WASHINGTON – A comprehensive probe into last year’s assault of U.S. and local forces in Niger uncovered a series of avoidable blunders leading up to the deadly attack, the Pentagon said Thursday.
Four American soldiers and four Nigerien partners were killed in the Oct. 4 ambush, when scores of jihadis overran their convoy in southwestern Niger, near the Mali border.
While the Pentagon said all four U.S. soldiers fought bravely and “died with honor,” investigators found they had not been properly trained ahead of the mission and pointed to problems with how it was approved in the first place.
The U.S. soldiers, who belonged to a special operations team, had deployed to the western African nation in the autumn to conduct counter-terrorism assistance and training with the Nigerien military. Currently about 800 U.S. troops are in Niger.
But at the time of their deployment, only half of the U.S. team had conducted any collective training together, according to an eight-page summary of findings of the investigation, which itself remains classified.
Their mission on Oct. 3 was to “find/fix and, if possible, capture” a key member of a group calling itself the Islamic State in the Greater Sahara, the summary states.
Officials did not name the target, though the group is led by led by Adnan Abu Walid Sahrawi.
However, the U.S. team commander had “inaccurately characterized” the nature of the mission in order to get it approved at a low level instead of requesting permission from battalion-level commanders based in Chad.
The language used for the mission had been cut and paste from previous operations and “a lack of attention to detail in quality control and quality assurance,” together with inadequate approvals “all contributed to a general lack of situational awareness and command oversight at every echelon,” the report summary states.
And prior to setting out on the operation, the U.S. team failed to conduct pre-mission rehearsals or battle drills with their Nigerien counterparts, the report found.
Eleven U.S. forces and more than 30 Nigeriens went out on the mission.
Investigators found “individual, organizational and institutional failures and deficiencies that contributed to the tragic events,” but did not identify one single failure or deficiency as the sole reason.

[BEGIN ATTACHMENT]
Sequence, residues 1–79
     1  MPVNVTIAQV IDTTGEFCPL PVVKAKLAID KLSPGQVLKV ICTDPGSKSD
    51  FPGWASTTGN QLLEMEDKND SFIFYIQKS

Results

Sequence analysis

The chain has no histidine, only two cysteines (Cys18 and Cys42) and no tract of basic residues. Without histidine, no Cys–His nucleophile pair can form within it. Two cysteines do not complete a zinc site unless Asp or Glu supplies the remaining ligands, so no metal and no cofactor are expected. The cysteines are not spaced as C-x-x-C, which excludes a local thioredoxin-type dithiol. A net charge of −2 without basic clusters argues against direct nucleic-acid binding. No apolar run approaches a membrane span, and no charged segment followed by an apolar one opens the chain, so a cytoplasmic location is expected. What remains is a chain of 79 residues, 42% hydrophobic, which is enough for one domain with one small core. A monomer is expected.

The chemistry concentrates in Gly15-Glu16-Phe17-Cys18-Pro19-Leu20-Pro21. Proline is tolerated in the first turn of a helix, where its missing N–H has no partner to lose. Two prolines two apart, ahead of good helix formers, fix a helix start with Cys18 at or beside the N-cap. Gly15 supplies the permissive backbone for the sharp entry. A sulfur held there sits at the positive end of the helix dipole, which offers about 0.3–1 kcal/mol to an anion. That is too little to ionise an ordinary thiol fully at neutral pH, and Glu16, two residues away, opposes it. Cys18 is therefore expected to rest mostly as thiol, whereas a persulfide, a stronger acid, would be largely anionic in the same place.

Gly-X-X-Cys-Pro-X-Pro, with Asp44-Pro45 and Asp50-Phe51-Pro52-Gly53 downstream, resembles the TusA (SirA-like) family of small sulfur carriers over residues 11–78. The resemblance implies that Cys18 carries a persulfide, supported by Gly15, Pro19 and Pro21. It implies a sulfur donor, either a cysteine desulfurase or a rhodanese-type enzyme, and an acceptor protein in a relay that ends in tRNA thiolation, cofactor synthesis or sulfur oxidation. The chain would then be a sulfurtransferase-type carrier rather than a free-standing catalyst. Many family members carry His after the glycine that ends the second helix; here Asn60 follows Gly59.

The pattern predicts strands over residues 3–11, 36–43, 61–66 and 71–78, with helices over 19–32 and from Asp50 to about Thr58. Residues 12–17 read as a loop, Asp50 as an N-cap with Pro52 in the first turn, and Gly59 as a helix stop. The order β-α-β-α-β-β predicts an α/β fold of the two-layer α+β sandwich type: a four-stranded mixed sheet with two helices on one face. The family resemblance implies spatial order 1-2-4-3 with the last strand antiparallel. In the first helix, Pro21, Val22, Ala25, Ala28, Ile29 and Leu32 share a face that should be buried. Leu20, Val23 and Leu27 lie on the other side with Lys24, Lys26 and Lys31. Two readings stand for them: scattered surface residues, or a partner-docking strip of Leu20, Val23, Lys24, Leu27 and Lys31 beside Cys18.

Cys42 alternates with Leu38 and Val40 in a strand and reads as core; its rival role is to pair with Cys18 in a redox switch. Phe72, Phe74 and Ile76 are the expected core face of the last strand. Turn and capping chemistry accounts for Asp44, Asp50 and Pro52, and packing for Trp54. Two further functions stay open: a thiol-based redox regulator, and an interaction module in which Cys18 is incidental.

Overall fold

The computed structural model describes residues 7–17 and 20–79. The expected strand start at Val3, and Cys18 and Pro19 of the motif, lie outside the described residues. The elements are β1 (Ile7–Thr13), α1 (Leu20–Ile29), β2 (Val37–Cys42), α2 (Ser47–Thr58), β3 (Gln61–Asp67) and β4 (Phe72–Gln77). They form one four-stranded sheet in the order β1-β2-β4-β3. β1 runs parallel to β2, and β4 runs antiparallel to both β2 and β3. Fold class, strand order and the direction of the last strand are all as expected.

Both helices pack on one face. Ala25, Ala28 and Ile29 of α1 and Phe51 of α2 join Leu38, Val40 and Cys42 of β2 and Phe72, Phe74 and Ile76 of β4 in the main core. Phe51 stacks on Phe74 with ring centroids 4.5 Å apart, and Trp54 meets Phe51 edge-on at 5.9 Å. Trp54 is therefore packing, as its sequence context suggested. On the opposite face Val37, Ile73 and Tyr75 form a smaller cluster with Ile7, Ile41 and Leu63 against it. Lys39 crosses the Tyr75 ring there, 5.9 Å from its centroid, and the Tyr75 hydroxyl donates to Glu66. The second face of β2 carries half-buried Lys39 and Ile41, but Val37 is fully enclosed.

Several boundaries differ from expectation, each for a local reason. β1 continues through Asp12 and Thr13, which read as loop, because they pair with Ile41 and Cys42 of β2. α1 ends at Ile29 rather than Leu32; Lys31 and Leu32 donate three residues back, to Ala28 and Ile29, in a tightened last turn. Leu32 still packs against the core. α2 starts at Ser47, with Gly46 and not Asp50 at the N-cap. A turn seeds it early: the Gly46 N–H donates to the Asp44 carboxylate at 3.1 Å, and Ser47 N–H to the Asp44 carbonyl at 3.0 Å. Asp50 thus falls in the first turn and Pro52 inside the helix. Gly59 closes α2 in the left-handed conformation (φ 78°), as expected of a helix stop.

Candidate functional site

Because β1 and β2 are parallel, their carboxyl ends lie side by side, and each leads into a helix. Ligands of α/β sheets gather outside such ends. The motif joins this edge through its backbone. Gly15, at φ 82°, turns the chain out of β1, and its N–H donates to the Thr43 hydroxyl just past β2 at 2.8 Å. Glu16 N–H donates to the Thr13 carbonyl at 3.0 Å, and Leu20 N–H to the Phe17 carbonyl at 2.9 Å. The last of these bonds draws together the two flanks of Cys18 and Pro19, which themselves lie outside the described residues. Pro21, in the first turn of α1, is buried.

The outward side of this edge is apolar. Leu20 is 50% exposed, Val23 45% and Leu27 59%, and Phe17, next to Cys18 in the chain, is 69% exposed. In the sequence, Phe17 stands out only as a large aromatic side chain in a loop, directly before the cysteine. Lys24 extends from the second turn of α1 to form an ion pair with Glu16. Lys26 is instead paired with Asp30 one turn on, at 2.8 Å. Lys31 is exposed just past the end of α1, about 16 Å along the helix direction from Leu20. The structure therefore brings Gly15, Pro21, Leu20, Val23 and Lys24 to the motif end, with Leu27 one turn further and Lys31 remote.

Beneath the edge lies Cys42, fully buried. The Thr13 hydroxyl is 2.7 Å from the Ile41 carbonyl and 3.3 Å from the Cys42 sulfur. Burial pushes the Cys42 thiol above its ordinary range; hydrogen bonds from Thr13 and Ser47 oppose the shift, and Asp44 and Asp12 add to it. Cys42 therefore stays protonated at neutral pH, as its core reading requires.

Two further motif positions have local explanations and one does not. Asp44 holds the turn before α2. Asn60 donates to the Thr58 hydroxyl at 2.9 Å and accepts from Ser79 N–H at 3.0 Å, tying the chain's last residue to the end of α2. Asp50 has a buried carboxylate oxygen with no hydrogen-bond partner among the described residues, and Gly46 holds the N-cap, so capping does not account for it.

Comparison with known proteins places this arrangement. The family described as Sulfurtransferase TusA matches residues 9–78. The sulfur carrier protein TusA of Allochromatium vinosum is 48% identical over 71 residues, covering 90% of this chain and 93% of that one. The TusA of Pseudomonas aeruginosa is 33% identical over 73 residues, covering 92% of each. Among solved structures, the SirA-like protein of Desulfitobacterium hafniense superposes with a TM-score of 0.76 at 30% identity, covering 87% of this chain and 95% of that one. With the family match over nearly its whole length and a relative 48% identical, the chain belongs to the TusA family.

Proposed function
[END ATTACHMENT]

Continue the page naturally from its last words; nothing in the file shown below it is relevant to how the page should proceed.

Gen. Thomas Waldhauser, head of Africa Command, told Pentagon reporters that U.S. forces are now “far more prudent” in their missions and have beefed up firepower and drone support.
“It provides adequate and more resourceful force protection measures in order to still keep up with the enemy forces on the ground,” he said.
Pentagon officials also published a detailed, 10-minute reconstruction of the ambush itself, which started as the U.S.-Nigerien eight-vehicle convoy headed out the remote village of Tongo Tongo, having stopped there for water.
The troops were not even wearing body armor when the assault first began, and had to stop their convoy to don it.
Enemy fire was initially light, but quickly intensified as jihadis surged through a wooded area alongside the convoy.
The video describes how the convoy was forced to split up and how it was outflanked by over 100 enemy fighters.
Officials praised the actions of the French air force, which flew Mirage jets in a low-altitude “show of force” over the jihadis, screaming overhead at the same level as treetops.
Because the French could not tell where the U.S. troops were on the ground, they did not engage the enemy, but the overflights caused them to retreat for cover, “likely saving the lives of the surviving members of the” U.S. team, the summary states.
Maj. Gen. Roger Cloutier, who led the probe, said three of the U.S. soldiers’ bodies had been placed in or by a jihadi vehicle, and had been stripped of all their gear.
The jihadis “were driven off by French aircraft,” he said.
The fourth American to die was
Sgt. La David Johnson, and the video shows he became separated from his comrades. His body was not found until 48 hours after the attack — he had taken cover under a the branches of a large thorny tree.
Defense Secretary Jim Mattis has issued a series of recommendations in light of the report, including better pre-deployment training.
Waldhauser said Special Operations Command will eventually award medals for valor to the troops on the mission.